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Icebox effect

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Kurt Lewin, the "Father of social psychol...

Kurt Lewin, the "Father of social psychology," taught at Cornell during the early 1930s via Wikipedia

The ‘icebox effect’ is an idea adapted from the social psychologist Kurt Lewin‘s notion that psychosocial change involves an ‘unfreezing’ of set patterns and outdated worldviews.

The idea of the ‘icebox effect’ is used by cult deprogrammers to describe how cultic brainwashing arrests the resolution of normal developmental conflicts.

When a person joins a cult, it’s as if their personal conflicts become ‘frozen’ in the unconscious. The daily and aggressive ideological programming of an authoritarian cult leader and the cultic community make it next to impossible for cult members to deal with psychological issues.

As Father Kent Burtner suggests online at the Cult Information and Awareness Center, this dynamic could apply not only to cults but to any kind of group where daily measures – aggressive, subtle or covert – ensure that the personality conforms to a corporate or organizational whole while depriving “individuals of their ability to make a free choice.”

…whether they’re into a ‘socially acceptable’ form of spirituality of not – if they start using methods that deprive individuals of their ability to make a free choice, they’re acting in a tremendously destructive way towards the person,” he says. “And that, to me, is an objective evil.” (Source » http://www.culthelp.info/index.php?option=com_content&task=view&id=1199&Itemid=5).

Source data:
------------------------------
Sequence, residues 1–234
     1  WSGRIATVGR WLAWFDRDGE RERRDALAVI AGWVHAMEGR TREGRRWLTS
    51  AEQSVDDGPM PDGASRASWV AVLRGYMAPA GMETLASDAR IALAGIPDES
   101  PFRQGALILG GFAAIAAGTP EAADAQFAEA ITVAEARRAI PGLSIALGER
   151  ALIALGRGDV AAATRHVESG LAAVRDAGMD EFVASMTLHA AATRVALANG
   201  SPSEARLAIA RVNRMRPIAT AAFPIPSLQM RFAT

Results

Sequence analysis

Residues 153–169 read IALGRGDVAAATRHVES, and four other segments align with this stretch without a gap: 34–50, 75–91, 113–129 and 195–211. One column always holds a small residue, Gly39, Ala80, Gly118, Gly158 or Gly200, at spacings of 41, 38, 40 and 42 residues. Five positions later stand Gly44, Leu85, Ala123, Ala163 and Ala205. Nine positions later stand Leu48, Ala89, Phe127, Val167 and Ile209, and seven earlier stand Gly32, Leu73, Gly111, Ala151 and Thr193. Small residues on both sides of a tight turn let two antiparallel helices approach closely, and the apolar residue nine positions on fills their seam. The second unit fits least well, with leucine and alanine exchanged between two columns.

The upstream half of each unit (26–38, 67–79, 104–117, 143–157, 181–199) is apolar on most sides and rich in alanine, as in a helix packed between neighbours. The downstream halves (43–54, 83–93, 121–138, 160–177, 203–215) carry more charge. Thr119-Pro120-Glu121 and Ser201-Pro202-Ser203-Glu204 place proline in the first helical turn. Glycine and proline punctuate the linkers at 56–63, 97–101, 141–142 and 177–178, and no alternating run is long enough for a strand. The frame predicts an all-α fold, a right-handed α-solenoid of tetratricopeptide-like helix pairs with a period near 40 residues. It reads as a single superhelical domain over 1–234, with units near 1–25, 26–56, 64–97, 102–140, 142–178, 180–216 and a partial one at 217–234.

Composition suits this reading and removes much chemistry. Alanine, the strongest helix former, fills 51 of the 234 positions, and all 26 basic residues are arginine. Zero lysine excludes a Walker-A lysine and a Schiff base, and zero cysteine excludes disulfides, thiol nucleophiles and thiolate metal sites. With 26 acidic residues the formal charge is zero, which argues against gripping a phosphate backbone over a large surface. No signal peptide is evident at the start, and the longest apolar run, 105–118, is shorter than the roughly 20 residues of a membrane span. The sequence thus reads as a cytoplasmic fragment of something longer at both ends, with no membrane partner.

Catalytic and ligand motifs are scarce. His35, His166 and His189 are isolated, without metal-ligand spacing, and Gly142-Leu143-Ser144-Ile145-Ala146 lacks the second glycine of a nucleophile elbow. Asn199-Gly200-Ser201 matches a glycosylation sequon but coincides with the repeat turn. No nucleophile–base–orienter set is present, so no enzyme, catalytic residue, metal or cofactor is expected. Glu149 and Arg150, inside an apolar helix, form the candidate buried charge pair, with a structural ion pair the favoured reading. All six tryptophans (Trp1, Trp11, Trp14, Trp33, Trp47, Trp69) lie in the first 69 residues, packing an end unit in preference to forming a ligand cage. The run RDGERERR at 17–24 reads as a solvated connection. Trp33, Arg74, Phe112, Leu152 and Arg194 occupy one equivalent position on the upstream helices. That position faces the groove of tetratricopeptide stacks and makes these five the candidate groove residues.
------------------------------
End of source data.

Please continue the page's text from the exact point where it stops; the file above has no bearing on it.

Critics of Catholicism point out that the Catholic Church conducted an internal study which suggested that many priests are psychologically arrested at a juvenile stage of development. If we momentarily accept this conclusion, we still cannot be sure if the current structure and practices of the Church attract, reinforce, or create emotionally underdeveloped individuals.

Priests allegedly fixated at a juvenile stage of development apparently have not lost their free will (Catholic teaching asserts that we can never entirely loose our freedom to choose). However, the critics say, the ability to make mature, adult judgments may in some instances be severely impaired.

Defenders of Catholicism point out that the internal study was inappropriate and misleading because it was based on the Freudian theories of Erik Erikson which do not account for the spirituality involved in, for instance, celibacy and solitude. Along these lines, Patrick Guinan, M.D. says

Freudian theory is incapable of acknowledging religious experience or integrating the concept of chastity or asceticism into its idea of healthy human development (Source » “Modern Psychology and Priest Sex Abuse” by Patrick Guinan, M.D. http://www.culturewars.com/2004/ModernPsych.html).

If this is true, the question remains: Why did the Church use a Freudian framework to assess its clergy in the first place? After all, Freud quite openly criticized religion and regarded the entire idea of God as an illusion.

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